Illustration: Joel Penkman

After my son ate a slice of neon-colored birthday cake, I started doing research on the connection between ADHD and artificial coloring. Here's what I found.

I cringe when I see Griffin, my 8-year-old son, eat a piece of birthday cake with electric blue frosting. it’s not because of the load of sugar and buttercream he’s about to eat—it’s the off-the-charts hyperactivity that I know comes after he eats a certain blue dye. And when I took a quick Instagram poll, I found I’m not the only parent who swears that certain food additives—particularly artificial colors—trigger hyperactivity in their kids.

Is There a Connection?

It’s rare that we’re able to see immediate effects of food or an ingredient—other than an allergic reaction or food-borne illness—so perhaps this is why the connection between the blue dye and Griffin’s surge in hyperactivity jumped out at me. Initially, I second-guessed my observations and gut instincts as a parent, and I think it was mainly due to the fact that this particular blue dye was a food additive technically deemed “safe” by the FDA.

But I’ve now experienced one too many birthday parties with blue frosting to know that I not imagining things. The effect is way beyond a typical sugar rush or even “normal” 8-year-old activity and impulsivity. Rather, it’s an intense hyperactivity that puts his usually well-managed ADHD into overdrive, gets him frustrated over his lack of control and inability to “chill out”, and pushes me to my parenting limits for the new few hours.  

But is there any research to back up my observations? While there are lot of suggested and intertwined relationships between diet, hyperactivity and ADHD, I decided to start small by focusing on artificial colorings. Here’s what I learned.

Food Colorings, the FDA, and Safety

Any coloring, dye or pigment added to a food is classified as a “food additive”, which means the safety and usage of them in our food supply is regulated by the FDA. There are two categories of color additives that can be used in food: certified colors, and exempt or natural colors.

“Certified colors” are chemically-made or synthetic colors, and there are nine colors approved for use in food in the U.S.  Referred to as “artificial colors” by many, these tend to be brighter, more vibrant colors that aren’t necessarily found in nature.

Natural colors are pigments found in other foods or plants; an example might be using the pigment in beets to impart a purplish-red color to food product. These colors tend to be less vibrant and more expensive for manufacturers, but they aren’t associated with potential health effects.  

A color additive must demonstrate safety and a “reasonable certainty of no harm” to be approved for usage in foods.  But the FDA is also quick to state there’s no way to guarantee that there is absolutely no risk of harm—even in these approved ones. Also, while “safe” may mean there’s little threat to life or long-term health, it’s doesn’t guarantee that certain individuals aren’t susceptible to mild or moderate side effects.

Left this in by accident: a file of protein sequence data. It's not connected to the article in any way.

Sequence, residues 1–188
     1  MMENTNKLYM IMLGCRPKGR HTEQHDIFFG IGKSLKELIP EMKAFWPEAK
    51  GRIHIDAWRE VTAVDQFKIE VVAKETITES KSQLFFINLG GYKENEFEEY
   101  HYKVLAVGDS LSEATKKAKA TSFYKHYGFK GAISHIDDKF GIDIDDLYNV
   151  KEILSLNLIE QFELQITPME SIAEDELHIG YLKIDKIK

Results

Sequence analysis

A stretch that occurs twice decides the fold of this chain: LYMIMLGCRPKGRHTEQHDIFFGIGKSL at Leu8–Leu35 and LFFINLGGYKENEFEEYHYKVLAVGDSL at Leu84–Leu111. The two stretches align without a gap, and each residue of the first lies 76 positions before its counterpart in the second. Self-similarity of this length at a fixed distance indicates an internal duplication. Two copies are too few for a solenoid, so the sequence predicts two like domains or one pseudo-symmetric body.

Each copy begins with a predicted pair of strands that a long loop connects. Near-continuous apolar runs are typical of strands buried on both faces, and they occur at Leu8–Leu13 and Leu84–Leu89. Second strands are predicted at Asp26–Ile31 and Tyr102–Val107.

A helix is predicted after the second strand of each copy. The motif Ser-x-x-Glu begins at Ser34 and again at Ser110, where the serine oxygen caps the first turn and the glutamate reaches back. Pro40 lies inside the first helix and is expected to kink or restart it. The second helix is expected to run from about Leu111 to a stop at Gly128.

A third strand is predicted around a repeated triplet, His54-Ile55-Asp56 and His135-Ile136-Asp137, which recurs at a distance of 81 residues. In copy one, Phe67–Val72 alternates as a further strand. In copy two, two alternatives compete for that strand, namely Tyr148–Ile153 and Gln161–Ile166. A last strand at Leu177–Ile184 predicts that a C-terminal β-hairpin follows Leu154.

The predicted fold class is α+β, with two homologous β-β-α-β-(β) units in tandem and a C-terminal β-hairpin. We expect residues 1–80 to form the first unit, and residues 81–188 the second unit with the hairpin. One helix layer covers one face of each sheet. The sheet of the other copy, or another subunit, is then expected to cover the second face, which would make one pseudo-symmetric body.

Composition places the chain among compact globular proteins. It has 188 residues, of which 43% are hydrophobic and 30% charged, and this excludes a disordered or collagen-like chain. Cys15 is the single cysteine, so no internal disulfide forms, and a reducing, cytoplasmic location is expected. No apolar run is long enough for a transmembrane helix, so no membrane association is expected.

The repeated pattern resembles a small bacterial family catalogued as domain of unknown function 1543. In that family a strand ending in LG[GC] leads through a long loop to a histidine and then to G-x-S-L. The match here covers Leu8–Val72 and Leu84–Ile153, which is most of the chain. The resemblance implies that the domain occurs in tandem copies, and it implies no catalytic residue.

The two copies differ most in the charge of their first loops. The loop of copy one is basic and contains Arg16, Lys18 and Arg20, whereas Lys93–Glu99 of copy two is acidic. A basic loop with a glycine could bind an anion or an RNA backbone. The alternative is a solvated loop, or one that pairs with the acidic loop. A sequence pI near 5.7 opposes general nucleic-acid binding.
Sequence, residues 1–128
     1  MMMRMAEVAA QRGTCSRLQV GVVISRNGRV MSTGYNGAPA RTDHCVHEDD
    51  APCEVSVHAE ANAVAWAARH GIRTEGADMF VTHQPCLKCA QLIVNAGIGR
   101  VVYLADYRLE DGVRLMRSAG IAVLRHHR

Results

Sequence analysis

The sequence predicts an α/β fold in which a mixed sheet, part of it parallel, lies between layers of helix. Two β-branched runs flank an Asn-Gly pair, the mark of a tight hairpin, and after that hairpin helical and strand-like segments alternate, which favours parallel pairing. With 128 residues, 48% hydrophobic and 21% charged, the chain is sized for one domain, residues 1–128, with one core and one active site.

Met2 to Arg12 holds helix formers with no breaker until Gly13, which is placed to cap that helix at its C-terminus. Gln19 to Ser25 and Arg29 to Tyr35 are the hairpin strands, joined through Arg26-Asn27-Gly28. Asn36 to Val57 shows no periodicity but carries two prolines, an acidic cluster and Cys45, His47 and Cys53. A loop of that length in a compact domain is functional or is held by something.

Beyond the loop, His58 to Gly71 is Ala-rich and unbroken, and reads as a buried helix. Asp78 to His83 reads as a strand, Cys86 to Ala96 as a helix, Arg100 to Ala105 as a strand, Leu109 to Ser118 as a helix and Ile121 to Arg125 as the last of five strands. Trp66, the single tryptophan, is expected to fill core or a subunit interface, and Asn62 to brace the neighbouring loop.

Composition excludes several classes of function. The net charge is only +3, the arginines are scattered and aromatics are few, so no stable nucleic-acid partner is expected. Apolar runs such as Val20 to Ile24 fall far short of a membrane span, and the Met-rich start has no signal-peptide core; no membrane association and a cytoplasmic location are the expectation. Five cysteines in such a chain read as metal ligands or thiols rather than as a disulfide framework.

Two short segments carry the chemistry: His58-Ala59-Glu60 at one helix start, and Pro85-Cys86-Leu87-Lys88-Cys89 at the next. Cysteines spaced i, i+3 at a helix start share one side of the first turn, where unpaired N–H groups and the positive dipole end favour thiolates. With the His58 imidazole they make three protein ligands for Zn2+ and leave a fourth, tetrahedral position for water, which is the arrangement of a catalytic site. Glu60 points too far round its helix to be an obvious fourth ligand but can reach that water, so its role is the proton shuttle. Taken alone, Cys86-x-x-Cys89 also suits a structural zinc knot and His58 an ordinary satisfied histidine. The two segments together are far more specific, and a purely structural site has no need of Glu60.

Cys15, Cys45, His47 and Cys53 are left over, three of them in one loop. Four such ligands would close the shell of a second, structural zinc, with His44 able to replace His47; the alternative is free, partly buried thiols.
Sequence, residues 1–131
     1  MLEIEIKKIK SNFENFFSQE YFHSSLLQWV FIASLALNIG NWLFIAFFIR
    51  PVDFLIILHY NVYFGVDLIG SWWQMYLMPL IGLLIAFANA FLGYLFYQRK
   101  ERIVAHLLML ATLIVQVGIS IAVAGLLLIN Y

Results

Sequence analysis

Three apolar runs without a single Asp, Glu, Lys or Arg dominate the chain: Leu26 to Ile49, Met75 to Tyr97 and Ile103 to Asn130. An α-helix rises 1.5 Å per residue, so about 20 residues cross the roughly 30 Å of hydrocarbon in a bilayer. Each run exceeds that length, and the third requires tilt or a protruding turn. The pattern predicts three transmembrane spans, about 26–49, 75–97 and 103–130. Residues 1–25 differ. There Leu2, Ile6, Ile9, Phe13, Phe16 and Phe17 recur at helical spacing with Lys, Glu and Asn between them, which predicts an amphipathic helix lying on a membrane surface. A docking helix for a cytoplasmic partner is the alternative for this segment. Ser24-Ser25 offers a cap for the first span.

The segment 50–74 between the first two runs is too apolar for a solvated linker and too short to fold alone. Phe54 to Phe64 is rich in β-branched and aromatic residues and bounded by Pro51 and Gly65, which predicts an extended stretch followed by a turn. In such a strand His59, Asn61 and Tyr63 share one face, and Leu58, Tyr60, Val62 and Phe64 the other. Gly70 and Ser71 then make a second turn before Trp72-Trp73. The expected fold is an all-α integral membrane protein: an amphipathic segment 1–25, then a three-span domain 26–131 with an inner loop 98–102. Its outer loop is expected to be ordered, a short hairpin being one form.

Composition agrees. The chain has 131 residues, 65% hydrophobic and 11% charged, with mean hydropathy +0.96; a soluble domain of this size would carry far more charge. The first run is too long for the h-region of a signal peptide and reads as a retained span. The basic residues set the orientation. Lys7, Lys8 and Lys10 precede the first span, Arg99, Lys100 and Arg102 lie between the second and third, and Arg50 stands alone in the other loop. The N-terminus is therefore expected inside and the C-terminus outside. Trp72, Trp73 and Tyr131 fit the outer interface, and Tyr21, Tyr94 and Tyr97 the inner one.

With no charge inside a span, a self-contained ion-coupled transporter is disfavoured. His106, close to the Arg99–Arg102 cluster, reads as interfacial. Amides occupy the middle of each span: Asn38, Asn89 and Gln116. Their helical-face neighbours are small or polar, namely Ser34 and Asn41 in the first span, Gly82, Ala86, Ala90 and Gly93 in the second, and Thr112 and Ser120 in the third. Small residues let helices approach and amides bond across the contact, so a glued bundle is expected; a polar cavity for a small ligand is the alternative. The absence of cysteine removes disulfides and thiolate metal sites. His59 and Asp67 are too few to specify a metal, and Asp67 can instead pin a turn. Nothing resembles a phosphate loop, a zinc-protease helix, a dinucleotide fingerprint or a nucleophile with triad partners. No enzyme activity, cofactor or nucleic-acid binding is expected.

Food Coloring and ADHD

While I can’t exactly call it good news, I do feel like my observations as a parent are validated after reviewing current research (and I’m not totally imagining things!)

There’s significant evidence to suggest that certain synthetic color additives may trigger hyperactivity in some children. In addition, research suggests that children with ADHD may be more sensitive to effects from those food colorings, essentially making hyperactive kids temporarily more hyperactive.  In fact, the European Union felt that the evidence was so convincing a few years ago that it now requires foods with certain artificial colors to include a warning label advising of “potential adverse effects on activity and attention in children.”

But potential side effects vary by child and dye color, and many kids may not be affected at all. These varying effects are partly what led the FDA to decide in 2011 that there was not enough conclusive evidence to support a link between synthetic colors and hyperactivity—only enough to suggest that this connection between synthetic colors and hyperactivity should be a focus area of research.  

What to Do as a Parent

I can’t micromanage Griffin’s diet like I could when he was a toddler, although I do steer him towards the piece of birthday cake with plain frosting. But I definitely look a little closer at labels and try to avoid artificial colorings whenever possible.  Here are some tips if you’re looking to avoid synthetic colors when shopping too.

Avoid Colors With Numbers

Synthetic colors approved for use in foods are going to be go by names like FD&C Blue No.1, Red 40, or Yellow 5. These can be found in common products such as cereal, candy, and sodas, so look in the ingredient list for numbered colors like these.  

Know What Label Terms Mean

A 100% organic product will not have synthetic food colorings in it, but a product that’s partly organic or contains some organic ingredients may. When in doubt, check the ingredient list.  

Know How to Recognize Natural Colorings

Here’s where it gets a little tricky: I mentioned earlier that many refer to synthetic dyes as “artificial colors”, but this term actually refers to both synthetic and natural food dyes—meaning it’s not as easy as simply avoiding foods with that label. Natural pigments in produce like anthocyanins and carotenes, as well as spices like turmeric and paprika, are a safe way to impart color so it’s worth checking out the ingredient list.

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